Tulum, Mexico

White sand beaches, Mayan ruins and a laid back vibe

Overview

What’s not to love about Tulum’s premier location on the Caribbean Sea? It’s a dream destination adored by honeymooners, families and friends. It even appealed to 13th century Mayans who decided the stunning coastal spot was ideal for training priests, building perfect pyramids and practising human sacrifice. Today’s visitors are rather more welcome with top hotels and luxury retreats offering quality accommodation in rustic finery, alongside family run boutique guesthouses.

Endless azure waters lined with miles of sugar-like sands and swaying palm trees attract 2 million holidaymakers each year to the Mexican shores of the Yucatan Peninsula. The most popular time is the cooler winter period of November to April, when people from all walks of life congregate to enjoy food, music and beautiful beaches. Low season from May to October sees hotter temperatures and wetter days, with the latter months in particular experiencing tropical storms. Some restaurants close during this hurricane season, but otherwise, visiting Tulum during the low season can be good option, offering a much more authentic travel experience. The iconic white-sand of Tulum is freed up, it’s easier to connect with the local population and their culture, and prices drop significantly. Yes, the chance of rain is higher but there are still many sunny low season days to be enjoyed. Overall it’s a wonderful time to really appreciate Tulum’s uniqueness and natural beauty without the crowds.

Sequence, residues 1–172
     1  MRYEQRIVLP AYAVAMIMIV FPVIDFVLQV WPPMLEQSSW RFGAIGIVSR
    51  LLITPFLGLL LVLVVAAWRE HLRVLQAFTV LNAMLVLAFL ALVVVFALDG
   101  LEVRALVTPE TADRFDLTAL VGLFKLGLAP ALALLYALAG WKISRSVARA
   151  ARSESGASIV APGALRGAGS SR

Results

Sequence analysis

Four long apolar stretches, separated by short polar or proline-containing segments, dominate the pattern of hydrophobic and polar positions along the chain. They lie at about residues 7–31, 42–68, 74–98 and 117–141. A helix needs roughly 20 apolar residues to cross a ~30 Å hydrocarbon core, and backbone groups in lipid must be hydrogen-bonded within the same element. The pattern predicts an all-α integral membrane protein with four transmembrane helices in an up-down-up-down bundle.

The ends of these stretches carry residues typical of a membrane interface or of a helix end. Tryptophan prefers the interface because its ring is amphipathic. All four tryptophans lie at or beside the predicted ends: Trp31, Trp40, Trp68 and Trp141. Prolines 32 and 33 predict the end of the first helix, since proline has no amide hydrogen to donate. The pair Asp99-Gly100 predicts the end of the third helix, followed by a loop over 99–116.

Beach and Pueblo

Tulum is famed for its miles of stunning beaches. Playa Paraíso is popular with locals and Playa Ruinas is renowned for iconic images of Mayan remains perched high above the white sands. Up market hotels boast their own private beaches, but there are many long stretches open to all. Explore and find your favourite, whether it is populated with bars serving delicious snacks and cocktails, or relatively pristine and untouched. Downtown Tulum is a good 4km from the beach area, walkable in 45 minutes or so or take a scooter or cab.

Explore Archeological Sites

Low season is a great time to visit Tulum’s Mayan ruins when you can really get into to the mysticism of the beautiful spot in relative peace. The ancient site formed a walled trading port city to serve the major centre of Cobá from the 13th to the 16th centuries. It’s most well-known for its exquisite watchtower El Castillo, peaking over the Caribbean Sea; and the Temple of the Frescoes with blue-green murals depicting Mayan gods.

Wildlife & Ecotourism

May through October is nesting season for the region’s beloved sea turtles with thousands of turtle mothers making their way onto the sands after sunset to lay eggs. A 3-day autumn festival celebrates on-going conservation efforts, educating locals and visitors on respectful practices and preserving the natural environment. A little further afield, check out the array of flora and fauna at the Sian Ka’an Biosphere Reserve, a large protected area and UNESCO World Heritage Site. It’s home to bats, dolphins, tapir, monkeys and a range of big cats like jaguar, ocelot and puma.


Major Airport

Cancun International Airport - CUN

Low Season Months

Jan Feb Mar Apr May
28°C
108mm
8hrs
Jun
28°C
187mm
7hrs
Jul
28°C
130mm
7hrs
Aug
28°C
146mm
7hrs
Sep
28°C
220mm
6hrs
Oct
27°C
202mm
6hrs
Nov Dec

Hotels

Top Experiences

Cycle the Beach Road